29 A note on why we use the mean measure: Using median

estimates mostly leads to lower estimates. This is because

it neutralises the effect of having a small group of

very highly paid male employees. Therefore, the Office

for National Statistics prefers to use the median. Fawcett,

the EHRC and TUC use the mean instead. Using the

mean measure is helpful precisely because it highlights

that the economic elite in the UK is still predominantly

male. Equation for calculating the mean gap: [male fulltime

hourly pay – excluding overtime (mean)] – [female

full-time hourly pay – excluding overtime] / [male full-time

hourly pay – excluding overtime] x [100]

30 Ibid.

31 Ibid.

Source: ONS, ASHE 2013

children. Research has found that almost half of female

professionals who take up part-time employment move into

low skilled jobs, suggesting that a significant proportion of

women are living on low incomes because they are not earning

their true market value within their available hours of work. 32

The quality of part-time opportunities plays a key role here,

with recent research finding that only 3 per cent of part-time

jobs in London are advertised at above £20k+ FTE. 33 It is

not surprising within this context that senior roles, which are

typically full-time, continue to be largely the preserve of men,

with women comprising just 25 per cent of Chief Executives

and senior officials in the UK. 34

Fawcett welcomes the recent extension of the right to request

flexible working to all employees, as well as the new shared

parental leave provisions. However, we remain concerned

that many employers will remain resistant to modernising

their working practices, meaning that women will continue

to miss out on quality part-time opportunities. In addition, we

are concerned that without significant changes to the pay

and structure of maternity and paternity pay, it is unlikely that

there will be much progress towards more equal sharing of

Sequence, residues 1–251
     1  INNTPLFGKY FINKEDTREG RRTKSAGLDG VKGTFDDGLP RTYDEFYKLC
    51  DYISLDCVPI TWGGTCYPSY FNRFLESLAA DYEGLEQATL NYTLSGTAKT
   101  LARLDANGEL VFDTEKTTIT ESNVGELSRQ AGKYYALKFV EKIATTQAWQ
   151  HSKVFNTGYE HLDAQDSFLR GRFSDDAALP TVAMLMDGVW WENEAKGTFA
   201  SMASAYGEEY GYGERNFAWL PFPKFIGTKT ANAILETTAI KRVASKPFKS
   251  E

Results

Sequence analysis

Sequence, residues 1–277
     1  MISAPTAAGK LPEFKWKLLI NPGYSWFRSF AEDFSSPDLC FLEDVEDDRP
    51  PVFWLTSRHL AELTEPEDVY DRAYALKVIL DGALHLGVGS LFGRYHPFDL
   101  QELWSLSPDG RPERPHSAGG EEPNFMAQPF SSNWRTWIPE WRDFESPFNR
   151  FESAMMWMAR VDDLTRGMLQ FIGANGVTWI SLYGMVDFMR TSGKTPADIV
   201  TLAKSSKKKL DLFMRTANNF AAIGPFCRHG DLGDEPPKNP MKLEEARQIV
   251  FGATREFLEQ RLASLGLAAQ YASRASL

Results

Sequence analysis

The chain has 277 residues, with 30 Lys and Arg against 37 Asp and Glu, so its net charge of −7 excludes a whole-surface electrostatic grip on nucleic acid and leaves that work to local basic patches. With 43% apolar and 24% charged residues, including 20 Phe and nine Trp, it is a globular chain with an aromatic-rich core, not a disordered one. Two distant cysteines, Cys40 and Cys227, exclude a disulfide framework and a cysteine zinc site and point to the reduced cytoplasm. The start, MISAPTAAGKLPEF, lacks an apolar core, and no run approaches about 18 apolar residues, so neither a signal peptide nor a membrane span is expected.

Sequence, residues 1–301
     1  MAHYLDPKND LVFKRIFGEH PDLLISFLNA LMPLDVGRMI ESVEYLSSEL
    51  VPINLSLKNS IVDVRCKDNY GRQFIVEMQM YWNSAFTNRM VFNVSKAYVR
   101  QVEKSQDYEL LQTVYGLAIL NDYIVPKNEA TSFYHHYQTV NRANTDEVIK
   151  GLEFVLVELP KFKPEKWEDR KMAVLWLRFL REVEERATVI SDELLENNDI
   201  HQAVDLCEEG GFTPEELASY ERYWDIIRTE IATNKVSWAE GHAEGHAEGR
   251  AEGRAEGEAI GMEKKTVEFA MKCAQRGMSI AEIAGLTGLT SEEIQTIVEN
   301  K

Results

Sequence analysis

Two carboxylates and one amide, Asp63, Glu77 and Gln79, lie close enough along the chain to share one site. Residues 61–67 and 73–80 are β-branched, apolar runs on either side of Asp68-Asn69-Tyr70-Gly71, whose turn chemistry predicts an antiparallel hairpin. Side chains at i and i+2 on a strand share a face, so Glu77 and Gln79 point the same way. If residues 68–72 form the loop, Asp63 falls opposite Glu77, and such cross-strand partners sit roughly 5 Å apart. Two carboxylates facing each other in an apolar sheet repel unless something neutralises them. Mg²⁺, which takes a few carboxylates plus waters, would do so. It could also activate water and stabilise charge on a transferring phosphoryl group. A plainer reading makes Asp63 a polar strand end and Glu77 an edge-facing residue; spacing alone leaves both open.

32 Women Like Us/Joseph Rowntree Foundation,

Building a Sustainable, Quality, Part-time Recruitment

Market, March 2012: http://www.womenlikeus.org.uk/

policy/researchdevelopment.aspx.

33 Ibid.

All Full-time Part-time

34 TUC, Highest-paid Occupations are ‘no-go’ Areas for

Part-Time Workers, March 2014: http://www.tuc.org.uk/

economic-issues/labour-market/equality-issues/gender-equality/highest-paid-occupations-are-per

centE2per

cent80per cent98no-goper centE2per cent80per cent99.

See also, Fawcett, Sex and Power Report: Who runs Britain,

2013: http://www.fawcettsociety.org.uk/wp-content/

uploads/2013/02/Sex-and-Power-2013-FINAL-REPORT.pdf

The Changing Labour Market 2:

Women, low pay and gender equality in the emerging recovery

11


Chapter 1 Women and men in the UK labour market

childcare responsibilities. Recent research has shown that

poor remuneration of parental leave remains one of the key

barriers to greater uptake among men. 35 In the last time-use

survey in 2005, women were still doing the majority of unpaid

work, spending an average of 29.75 hours in unpaid work per

week compared to 16.1 hours by men. 36

A further factor in the widening pay gap is likely to be the

growth in private sector employment. Wages tend to be higher

in the public sector and this is especially the case for women.

Figure 13 sets out the public to private sector pay differential

by percentile and gender. The significance of this for women

cannot be understated: not only is the differential greater for

women, but women are also earning less to begin with. A

woman in the 10th percentile in the public sector has gross

average weekly earnings of £321 in the public sector and

£249 in the private sector (a gap of 22.4 per cent), whereas for

men in the 10th percentile earnings are £366.40 and £295.10,

respectively. 37,38 Overall, the gender pay gap in the public